Ezekiel 39:17-20: Uncouth Cad

Rather a worm in the eyes of Jesus
than a god in the eyes of men!
— Helmut Thielicke (Our Heavenly Father: Sermons On the Lord’s Prayer)

Everyone has a friend like this. Someone who is always blurts out the most awkward things at the wrong time. Someone whose lack of social grace makes everyone at the party cringe. The type of person who doesn’t understand the word taboo. The person who keeps you on edge: what will he say next? Sasha Baron Cohen made a fortune playing that guy!

Ezekiel is that guy with a difference: I think he understood social customs—he just didn’t care about them. He broke taboos intentionally. And nothing he has shared to this point would have been quite as shocking as the feast he describes now.

Although it’s an expression of faith in Yahweh’s victory over evil, it would have made Yahweh’s followers squirm due to its taboo-breaking gory detail.

. . .

What’s the big deal? These four verses are a formal announcement calling every scavenging animal to attend a feast thrown by Yahweh. The main course? The blood and flesh of the remnants of Gog.

What’s so awkward about that?

  1. The feast is referred to as a sacrificial meal, offered by Yahweh. Sacrificial meals were common in the cultures of that day. The animals who were sacrificed would be eaten by the people. The difference here is role reversal. In a typical sacrificial feast, humans would sacrifice animals for their deity. Here, God is sacrificing people for the animals. Very odd.
  2. The menu consisted of humans! Listen to God’s words to Noah following the flood:

    Whoever sheds the blood of a human,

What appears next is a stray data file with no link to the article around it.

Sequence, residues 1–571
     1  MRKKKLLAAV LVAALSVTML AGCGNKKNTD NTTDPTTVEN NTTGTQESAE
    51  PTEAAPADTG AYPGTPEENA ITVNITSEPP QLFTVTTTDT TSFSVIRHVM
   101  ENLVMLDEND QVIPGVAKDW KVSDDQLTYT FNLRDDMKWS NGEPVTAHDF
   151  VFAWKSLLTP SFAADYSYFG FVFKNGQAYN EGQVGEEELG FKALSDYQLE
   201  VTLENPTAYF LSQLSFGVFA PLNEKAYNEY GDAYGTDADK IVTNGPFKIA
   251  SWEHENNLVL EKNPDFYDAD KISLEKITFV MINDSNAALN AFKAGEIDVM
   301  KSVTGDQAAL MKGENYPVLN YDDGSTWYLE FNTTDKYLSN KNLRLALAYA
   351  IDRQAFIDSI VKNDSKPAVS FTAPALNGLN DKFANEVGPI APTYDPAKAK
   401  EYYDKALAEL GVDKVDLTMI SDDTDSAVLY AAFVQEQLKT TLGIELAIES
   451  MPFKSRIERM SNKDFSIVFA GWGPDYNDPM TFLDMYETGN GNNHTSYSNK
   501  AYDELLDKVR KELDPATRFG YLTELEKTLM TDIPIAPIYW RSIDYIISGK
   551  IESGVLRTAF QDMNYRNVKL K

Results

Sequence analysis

by a human shall that person’s blood be shed;
    for in his own image
    God made humankind
    (9:6, NRSV).

    The drunken gluttony that God calls the animals to flies in the face of any imago dei doctrine.

  3. Finally, the animals were supposed to “eat the flesh . . . and drink the blood” (v. 18, NRSV) of the mighty princes of Gog.  In a traditional sacrificial meal, the choice parts and blood were reserved for God.

Evil is such a dehumanizing force that when God describes his final victory over evil, those who have aligned themselves with evil are not even treated as humans.

. . .

Ezekiel had a vivid imagination. His faculties were so inflamed by the Spirit of Yahweh, he could envision a future that would break every human taboo. His vision even seriously challenged the Torah!

For Ezekiel, fidelity to God’s Spirit was all that mattered. I wish we all were that free.

. . .

Spirit of God, give me the courage to live in the freedom of your imagination. In Jesus’ name, Amen.

< Ezekiel 39:11-16 | Burying Bones

Ezekiel 39:21-29 | Forgetting Shame >

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